Iberia Parish Principal Devon Willis-Jones Named One of Nation's Best with $25,000 Milken Educator Award
Jeanerette Elementary School leader creates environment for teachers and students to thrive
October 25, 2016
SANTA MONICA, CA — Devon Willis-Jones was busy organizing what she thought was a schoolwide assembly to celebrate Jeanerette Elementary School's jump in state ratings from an F to a B school. Halfway into the assembly she was taken completely by surprise when she learned that there was something extra in store — a $25,000 Milken Educator Award to honor her individual leadership.
Willis-Jones accepted the prestigious national recognition from Milken Family Foundation Chairman and Co-Founder Lowell Milken, who traveled from California to present the Award. He was joined by State Board of Elementary and Secondary Education (BESE) Vice President Dr. Holly Boffy and Iberia Parish School District Superintendent Dale Henderson.
This season marks the 30th year of the Milken Educator Awards, hailed by Teacher magazine as the "Oscars of Teaching." Willis-Jones is among up to 35 educators who will receive the honor for the 2016-17 season.
"Devon Willis-Jones personifies the qualities of an exceptional leader," said Lowell Milken. "She has guided Jeanerette Elementary School to remarkable increases in student achievement growth by creating an environment for teachers and students to thrive. In the process, Devon has garnered the support of families and has served as a strong advocate for the school throughout the community. I congratulate her and am proud to call her a Milken Educator."
"The success Jeanerette Elementary has achieved in the last three years is a testament to Devon's commitment to not only growing her students, but also her faculty and staff," said Louisiana Superintendent of Education John White. "The support structure she has put in place to improve her school under the NIET model is one I hope we can replicate in order to support other struggling schools across our state."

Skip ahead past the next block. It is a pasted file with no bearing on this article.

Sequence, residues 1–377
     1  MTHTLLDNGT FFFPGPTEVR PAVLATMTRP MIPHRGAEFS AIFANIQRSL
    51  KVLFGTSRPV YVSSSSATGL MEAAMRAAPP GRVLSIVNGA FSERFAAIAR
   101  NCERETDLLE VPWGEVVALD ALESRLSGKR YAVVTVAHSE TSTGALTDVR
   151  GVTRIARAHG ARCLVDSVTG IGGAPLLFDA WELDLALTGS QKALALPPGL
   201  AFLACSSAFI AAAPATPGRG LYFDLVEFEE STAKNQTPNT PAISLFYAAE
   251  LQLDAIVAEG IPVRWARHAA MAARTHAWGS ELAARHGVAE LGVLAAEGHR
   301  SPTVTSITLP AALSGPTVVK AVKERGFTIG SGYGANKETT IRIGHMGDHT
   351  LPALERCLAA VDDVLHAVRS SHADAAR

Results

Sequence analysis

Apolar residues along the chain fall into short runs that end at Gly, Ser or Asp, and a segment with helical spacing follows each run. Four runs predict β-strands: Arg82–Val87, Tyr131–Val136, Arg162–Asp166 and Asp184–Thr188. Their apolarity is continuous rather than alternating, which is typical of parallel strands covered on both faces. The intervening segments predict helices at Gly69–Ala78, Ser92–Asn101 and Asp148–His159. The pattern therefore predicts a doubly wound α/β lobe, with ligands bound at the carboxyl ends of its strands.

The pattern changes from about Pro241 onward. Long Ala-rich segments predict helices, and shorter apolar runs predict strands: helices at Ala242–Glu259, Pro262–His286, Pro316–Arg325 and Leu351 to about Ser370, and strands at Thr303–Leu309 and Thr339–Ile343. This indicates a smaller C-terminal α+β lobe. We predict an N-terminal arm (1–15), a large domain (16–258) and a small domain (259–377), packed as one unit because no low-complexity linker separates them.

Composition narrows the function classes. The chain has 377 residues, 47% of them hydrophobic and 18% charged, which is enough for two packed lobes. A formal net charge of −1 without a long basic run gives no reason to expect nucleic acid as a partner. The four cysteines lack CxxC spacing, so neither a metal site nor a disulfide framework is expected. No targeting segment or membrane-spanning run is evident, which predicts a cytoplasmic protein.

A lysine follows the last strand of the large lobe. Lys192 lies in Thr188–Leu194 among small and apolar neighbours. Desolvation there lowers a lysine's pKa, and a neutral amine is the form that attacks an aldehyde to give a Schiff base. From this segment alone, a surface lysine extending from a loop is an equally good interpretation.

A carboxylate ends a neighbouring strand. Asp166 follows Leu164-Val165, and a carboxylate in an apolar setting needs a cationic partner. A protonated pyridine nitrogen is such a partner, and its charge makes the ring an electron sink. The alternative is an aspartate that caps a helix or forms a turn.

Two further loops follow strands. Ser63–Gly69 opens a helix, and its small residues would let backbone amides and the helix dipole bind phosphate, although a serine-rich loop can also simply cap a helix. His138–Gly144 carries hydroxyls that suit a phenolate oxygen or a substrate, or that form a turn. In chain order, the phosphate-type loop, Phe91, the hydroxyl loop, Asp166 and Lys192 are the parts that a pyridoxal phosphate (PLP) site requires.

Devon Willis-Jones is a data-driven principal who faces challenges with optimism and determination. When she took over at Jeanerette Elementary School, a high-poverty campus in Iberia Parish, the school had just earned an F rating. Only 40% of students scored at or above grade level on state assessments.
Undeterred, Willis-Jones created a plan rooted in her prior experiences as a classroom, mentor and master teacher. In these roles, she was an integral part of a school team that used models supported by the National Institute for Excellence in Teaching (NIET) to provide teachers with leadership opportunities, job-embedded professional development and educator evaluation, observation and feedback.
Focused on renewing Jeanerette Elementary's commitment to these principles to change the school's culture, she enlisted faculty and staff to share in her vision of "Success and Nothing Less," adopting research-based, proven processes focused on improving instruction and student achievement. Willis-Jones asked parents to trust her and keep their children at Jeanerette Elementary, moving her own daughter to the school to reinforce her commitment.
Working with the school's master teacher, she coached weekly professional development meetings, modeled and team-taught high-quality lessons, provided teachers with high-quality feedback, and tracked student data to identify growth. The school's leadership team met often to monitor instruction and student growth and started regular "learning walks" (classroom visitations), which included school, district and state personnel and generated immediate and ongoing feedback for both teachers and school leaders.
Willis-Jones' effort to create a thriving environment at Jeanerette Elementary succeeded: In her first year as principal the school earned a B rating and was labeled a "Top Gains" school by the State, erasing the stigma that had dogged Jeanerette for years. The percentage of students scoring at or above grade level rose to 65% for English Language Arts and 87% for math. Never complacent, Willis-Jones pushed the school to maintain its B rating the following year, despite new assessments.
The improvements are visible in the level of engagement in Jeanerette's classrooms. Students use "accountable talk" to discuss deep, cite-based guiding questions and explain their mathematical thinking. When fifth-graders read a story in which farm workers strike and boycott for better working conditions, they decided to organize their own boycott to "lobby" for more recess. Willis-Jones turned the student action into a win-win opportunity for learning and motivation: She let the students submit their concerns and told them that if academic performance improved on benchmark assessments, she would extend their recess period.